Families and school “learning together” at Challis
Students of the Kartajin Danjoo learning centre in Western Australia put their linguistic skills and vocal chords to the test recently, at the Challis Early Childhood Education Centre’s end of term assembly.
Children as young as four performed Noongar language songs for their school and parents, finishing with a version of I Am Australian, sung in both English and Noongar.
The assembly marked 18 months since the innovative Kartajin Danjoo early learning program was developed for Aboriginal kindergarten to Year 1 students in the Armadale catchment area.
Kartajin Danjoo means “learning together” in Noongar, and the program is designed to help Aboriginal children aged between four and six to become “school ready” and make a successful transition to primary school.
Principal Lee Musumeci thanked parents and members of the Aboriginal community in attendance for the progress that had been made through their close work with the school.
“I think the key has been listening to each other, so that we can come together in partnership to improve outcomes for all of our students,” she said.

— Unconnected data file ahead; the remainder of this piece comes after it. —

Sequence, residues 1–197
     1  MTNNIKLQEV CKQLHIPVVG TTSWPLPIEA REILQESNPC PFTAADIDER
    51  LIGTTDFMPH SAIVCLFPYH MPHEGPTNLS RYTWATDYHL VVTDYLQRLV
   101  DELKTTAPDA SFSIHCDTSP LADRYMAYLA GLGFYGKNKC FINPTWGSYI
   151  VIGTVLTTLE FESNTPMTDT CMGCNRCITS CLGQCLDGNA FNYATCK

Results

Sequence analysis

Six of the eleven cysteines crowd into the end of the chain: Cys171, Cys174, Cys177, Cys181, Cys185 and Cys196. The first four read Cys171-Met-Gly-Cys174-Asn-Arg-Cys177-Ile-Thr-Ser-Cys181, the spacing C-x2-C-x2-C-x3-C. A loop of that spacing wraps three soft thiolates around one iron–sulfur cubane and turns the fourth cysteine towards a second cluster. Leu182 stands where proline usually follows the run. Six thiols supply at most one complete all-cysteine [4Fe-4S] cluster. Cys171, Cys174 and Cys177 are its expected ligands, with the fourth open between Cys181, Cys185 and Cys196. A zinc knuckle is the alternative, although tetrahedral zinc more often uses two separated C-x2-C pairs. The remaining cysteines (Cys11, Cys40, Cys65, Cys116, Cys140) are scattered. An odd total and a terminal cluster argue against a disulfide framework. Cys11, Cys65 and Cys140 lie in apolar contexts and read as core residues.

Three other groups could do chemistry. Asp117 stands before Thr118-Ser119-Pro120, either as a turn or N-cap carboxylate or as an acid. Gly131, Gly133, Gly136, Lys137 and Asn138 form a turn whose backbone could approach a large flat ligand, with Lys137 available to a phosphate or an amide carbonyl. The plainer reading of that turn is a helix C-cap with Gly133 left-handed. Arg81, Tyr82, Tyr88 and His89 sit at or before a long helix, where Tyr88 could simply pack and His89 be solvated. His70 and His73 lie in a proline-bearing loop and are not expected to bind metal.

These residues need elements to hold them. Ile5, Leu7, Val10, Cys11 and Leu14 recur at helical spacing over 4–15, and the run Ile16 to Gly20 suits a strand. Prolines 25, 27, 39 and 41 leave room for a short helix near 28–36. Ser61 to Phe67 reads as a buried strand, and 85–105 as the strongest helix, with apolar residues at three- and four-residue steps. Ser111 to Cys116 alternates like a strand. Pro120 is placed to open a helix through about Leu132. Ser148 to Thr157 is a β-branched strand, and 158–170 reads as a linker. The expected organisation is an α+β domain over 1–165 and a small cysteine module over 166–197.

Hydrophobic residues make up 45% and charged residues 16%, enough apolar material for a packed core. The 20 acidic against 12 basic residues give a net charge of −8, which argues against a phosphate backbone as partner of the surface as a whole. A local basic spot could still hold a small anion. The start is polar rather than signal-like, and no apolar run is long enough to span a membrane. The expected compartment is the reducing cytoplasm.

“It’s about listening to the community, and they in turn understanding the school’s expectations.”
In 2007, Kartajin Danjoo was recognised at the Department of Education and Training’s Aboriginal Education Awards of Achievement for its unique approach to improving Aboriginal students’ attendance rates and educational outcomes, and this year won an achievement prize in the national Dare to Lead awards for excellence in Indigenous education.
While on the surface it appears similar to any kindergarten or pre-primary school, all students who attend the program are related. Brothers, sisters and cousins learn together, providing an extra support network for children as they adjust to a classroom environment.
The idea developed during a six-month consultation period between local elders, parents and the school and is one of a range of strategies that is boosting participation by Aboriginal children and their families in the school community.
Principal Musumeci says that such events are an opportunity for parents to visit the school and gain a better appreciation of the value of early childhood education.
“We realised through this project that parents needed to know why it’s important to send their kids to early childhood education,” she says. “Often there may be a lack of knowledge about what actually goes on at kindergarten and that children are learning important skills that will help them later on.
“We have a really strong literacy focus, and when parents see that, they understand the importance of sending their child to school.”
Parents! Now is the time to enrol your kids in local kindergarten or pre-primary school classes for next year. More information on enrolment is available from the Department of Education in your State or Territory.